Forget the stereotype about German punctuality—Japanese carrier All Nippon Airways (ANA) has set the standard for getting planes to their destinations on schedule. According to a report from FlightStats, the airline landed nine out of 10 flights on time in 2011—the best performance of any international carrier last year—just edging out Japan Airlines International (JAL), the winner for the two previous years. (The industry average was a full 10 percent below ANA's performance, with only about eight out of ten flights hitting their scheduled marks.) ANA operates about 1,000 flights a day, primarily out of its hubs in Tokyo and Osaka, and while the bulk of its routes run within Japan, the airline also flies non-stop daily to Los Angeles, New York, San Francisco, Chicago, Washington D.C., and Honolulu. Seattle and San Jose will be added later this year as the 7th and 8th gateways in the U.S.
The ultimate proof that an airline's in-flight food soars above the competition? When people choose to eat it outside the confines of the airplane. That's what has happened with Bangkok-based Thai Airways, whose bakery items (curry puffs, fruit tarts, coffee rolls), ready-made sauces, and salad dressings do brisk sales on the ground in its Puff & Pie takeout shops in Bangkok, Phuket and Chiang Mai. Airline passengers have picked it as a winner, too. Last year, the 18 million people who voted in Skytrax's "World Airline Awards" in the economy-class food faceoff overwhelmingly opted for Thai Airways' cuisine, with its focus on local flavors in dishes like massaman curry, stir-fried chicken, and green curry, all served with white rice. (The airline does offer alternatives for fliers with dietary restrictions or less-adventurous palates.)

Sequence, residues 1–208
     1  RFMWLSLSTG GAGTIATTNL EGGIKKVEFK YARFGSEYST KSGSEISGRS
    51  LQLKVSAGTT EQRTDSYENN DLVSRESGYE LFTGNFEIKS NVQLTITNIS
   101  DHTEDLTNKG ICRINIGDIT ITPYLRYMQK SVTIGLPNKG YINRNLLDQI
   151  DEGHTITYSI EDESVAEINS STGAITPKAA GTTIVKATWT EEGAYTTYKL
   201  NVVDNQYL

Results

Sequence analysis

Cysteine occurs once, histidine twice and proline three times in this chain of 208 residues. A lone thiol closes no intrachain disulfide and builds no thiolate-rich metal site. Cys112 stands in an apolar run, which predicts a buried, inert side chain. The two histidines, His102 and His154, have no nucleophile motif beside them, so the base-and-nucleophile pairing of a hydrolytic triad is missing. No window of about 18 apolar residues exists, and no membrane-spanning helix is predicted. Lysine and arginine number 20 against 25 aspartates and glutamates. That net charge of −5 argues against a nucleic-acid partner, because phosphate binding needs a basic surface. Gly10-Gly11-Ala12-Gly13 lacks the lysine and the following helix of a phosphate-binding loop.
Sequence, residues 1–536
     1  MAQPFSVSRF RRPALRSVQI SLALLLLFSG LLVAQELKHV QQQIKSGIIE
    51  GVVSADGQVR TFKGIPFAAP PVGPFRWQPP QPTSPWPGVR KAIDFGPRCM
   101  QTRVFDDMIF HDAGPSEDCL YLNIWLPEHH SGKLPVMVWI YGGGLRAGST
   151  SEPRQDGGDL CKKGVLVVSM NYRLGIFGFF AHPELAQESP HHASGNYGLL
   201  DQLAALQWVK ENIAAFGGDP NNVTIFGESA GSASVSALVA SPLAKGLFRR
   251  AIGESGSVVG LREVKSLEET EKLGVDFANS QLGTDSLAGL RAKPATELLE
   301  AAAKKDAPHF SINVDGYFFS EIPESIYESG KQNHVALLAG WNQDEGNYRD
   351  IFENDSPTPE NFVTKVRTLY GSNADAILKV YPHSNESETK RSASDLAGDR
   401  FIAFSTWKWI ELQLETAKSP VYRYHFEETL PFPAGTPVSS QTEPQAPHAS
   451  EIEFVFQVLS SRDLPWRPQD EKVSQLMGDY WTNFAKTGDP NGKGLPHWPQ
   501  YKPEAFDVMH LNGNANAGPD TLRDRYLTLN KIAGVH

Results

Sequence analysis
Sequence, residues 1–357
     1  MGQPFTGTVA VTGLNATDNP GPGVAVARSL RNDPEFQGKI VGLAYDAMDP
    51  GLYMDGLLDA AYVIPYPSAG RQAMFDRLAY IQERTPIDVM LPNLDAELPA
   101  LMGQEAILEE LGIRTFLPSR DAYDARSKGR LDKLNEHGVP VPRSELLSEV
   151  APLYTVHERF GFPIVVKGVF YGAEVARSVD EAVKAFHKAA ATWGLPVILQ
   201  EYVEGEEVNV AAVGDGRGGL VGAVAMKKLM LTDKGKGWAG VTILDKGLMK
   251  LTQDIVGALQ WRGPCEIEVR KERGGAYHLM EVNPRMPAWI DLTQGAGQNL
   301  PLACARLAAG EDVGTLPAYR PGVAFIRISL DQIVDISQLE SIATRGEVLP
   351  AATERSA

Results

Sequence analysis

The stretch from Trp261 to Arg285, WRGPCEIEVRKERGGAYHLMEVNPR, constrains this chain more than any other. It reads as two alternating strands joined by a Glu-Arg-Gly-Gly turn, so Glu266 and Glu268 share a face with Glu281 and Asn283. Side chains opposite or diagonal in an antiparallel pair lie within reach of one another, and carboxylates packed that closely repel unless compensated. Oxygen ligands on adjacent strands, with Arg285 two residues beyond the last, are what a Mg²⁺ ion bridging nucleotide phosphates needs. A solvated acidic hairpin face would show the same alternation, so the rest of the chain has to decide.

Stateside, our in-flight food is often lacking—not just in style (or appeal), but also in substance. High-fat, low-nutrient snacks have become the order of the day. That's why Dr. Charles Stuart Platkin, a nutrition expert known as the "Diet Detective," set out last year to determine which major North American airlines serve food that's actually worth its weight in calories. His findings showed that Virgin America offers (for purchase) the most nutritionally balanced meals and snacks—like the 370-calorie egg-and-vegetable salad wrap that's packed with hunger-sating protein—of all the U.S.-based airlines he studied. Given that today's fliers are grateful for any food being available at all on planes, we're pleased to see two airlines willing to better their catering games.